This is the third and final volume in the set of pieces Franz Liszt called his `years of pilgrimage' based on the many years in which he toured Europe as a concert pianist. The earlier pieces were composed between the 1830s and 1850s. In the 1860s Liszt effectively retired from being an itinerant performer to lead a more monastic life. He took minor orders in 1865, after which he was entitled to be called Abbé Liszt. He underwent theological studies for a few months in 1868 and moved, first, into the Villa d'Este near Rome and then to Weimar where he befriended Richard Wagner.
This set of seven pieces is the shortest of the sets of Années de Pèlerinage lasting barely three-quarters of an hour. Three of the pieces are inspired by the beauty of the Villa d'Este. The remaining four pieces have a religious theme reflecting Liszt's new-found world view. The opening piece is a `Prayer to the Guardian Angels'; the 5th piece is a wistful piece dedicated to the conductor Hans von Bülow entitled, `There are tears for things' - a lamentation on human life! The 6th piece in the set is a funeral march in memory of an assassinated Habsburg prince and the finale is the Sursum corda that opens the Mass. The set is played on these CDs by the Hungarian pianist Jeno Jando for Naxos in 1991. Jando as usual does a fine job with judicious pedalling, and the pieces are well recorded, clearly and sensitively but without too much resonance.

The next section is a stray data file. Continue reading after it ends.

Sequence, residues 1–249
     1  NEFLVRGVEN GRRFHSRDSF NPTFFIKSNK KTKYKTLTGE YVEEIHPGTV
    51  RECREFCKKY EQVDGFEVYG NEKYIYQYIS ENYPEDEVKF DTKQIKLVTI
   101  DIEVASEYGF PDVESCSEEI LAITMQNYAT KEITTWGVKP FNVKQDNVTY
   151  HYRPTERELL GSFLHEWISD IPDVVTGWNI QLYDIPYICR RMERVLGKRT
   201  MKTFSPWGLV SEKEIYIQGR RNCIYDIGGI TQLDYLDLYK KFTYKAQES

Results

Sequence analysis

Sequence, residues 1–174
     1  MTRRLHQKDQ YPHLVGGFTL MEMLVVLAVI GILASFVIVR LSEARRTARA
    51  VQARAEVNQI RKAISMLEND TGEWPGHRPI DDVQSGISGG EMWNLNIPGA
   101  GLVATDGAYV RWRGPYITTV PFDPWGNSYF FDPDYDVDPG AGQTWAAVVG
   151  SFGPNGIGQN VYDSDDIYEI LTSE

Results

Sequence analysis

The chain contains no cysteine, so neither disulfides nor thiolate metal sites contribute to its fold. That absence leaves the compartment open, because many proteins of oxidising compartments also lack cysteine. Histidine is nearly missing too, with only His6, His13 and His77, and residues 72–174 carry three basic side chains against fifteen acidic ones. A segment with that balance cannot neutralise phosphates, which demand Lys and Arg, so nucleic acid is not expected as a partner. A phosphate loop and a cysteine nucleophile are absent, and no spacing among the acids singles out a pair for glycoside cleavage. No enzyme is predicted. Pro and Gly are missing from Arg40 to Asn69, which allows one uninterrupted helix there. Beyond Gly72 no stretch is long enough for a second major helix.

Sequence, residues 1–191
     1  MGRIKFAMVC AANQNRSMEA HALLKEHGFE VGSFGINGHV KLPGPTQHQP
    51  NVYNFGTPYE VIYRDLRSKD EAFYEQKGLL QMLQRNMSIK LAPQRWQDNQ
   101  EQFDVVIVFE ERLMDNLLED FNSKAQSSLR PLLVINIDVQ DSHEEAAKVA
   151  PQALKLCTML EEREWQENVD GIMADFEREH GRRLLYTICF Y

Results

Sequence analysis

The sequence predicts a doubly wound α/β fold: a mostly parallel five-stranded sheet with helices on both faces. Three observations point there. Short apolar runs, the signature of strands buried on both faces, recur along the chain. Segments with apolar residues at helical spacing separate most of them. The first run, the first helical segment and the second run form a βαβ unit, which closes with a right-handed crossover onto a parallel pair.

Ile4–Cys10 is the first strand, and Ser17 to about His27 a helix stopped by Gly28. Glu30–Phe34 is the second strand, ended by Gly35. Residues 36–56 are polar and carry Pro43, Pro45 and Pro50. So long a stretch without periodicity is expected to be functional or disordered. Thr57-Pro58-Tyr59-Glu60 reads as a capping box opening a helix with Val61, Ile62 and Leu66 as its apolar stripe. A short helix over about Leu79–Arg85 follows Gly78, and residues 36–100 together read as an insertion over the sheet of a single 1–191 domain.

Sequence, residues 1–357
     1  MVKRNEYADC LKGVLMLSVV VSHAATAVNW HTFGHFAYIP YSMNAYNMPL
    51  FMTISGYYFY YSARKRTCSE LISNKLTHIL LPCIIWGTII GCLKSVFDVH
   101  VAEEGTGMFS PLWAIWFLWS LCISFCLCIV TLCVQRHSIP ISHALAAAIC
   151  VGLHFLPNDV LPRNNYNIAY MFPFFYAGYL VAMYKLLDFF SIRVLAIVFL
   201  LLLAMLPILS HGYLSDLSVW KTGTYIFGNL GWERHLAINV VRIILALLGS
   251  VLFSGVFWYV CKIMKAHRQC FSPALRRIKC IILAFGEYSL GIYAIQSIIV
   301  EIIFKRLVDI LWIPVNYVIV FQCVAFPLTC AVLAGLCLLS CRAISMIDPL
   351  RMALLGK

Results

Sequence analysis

on 5 July 2014
Whilst I have no criticism of the music this disc contains, there was considerable dissatisfaction with obtaining a purchase that did not come with a fault with the case - even a sealed, brand new disc came with a cracked case (I eventually simply replaced the case with a new one in my possession). This is not acceptable in an age of sophisticated postage systems. The music itself, that of Liszt's third year of pilgrimage, is very much up to the standard of Jando's previous two offerings of Liszt's musical travels. The music itself, in contrast to the Liszt's second year of pilgrimage - also to Italy, is a little on the meditative and heavy side, though still a satisfactory conclusion to this repertoire.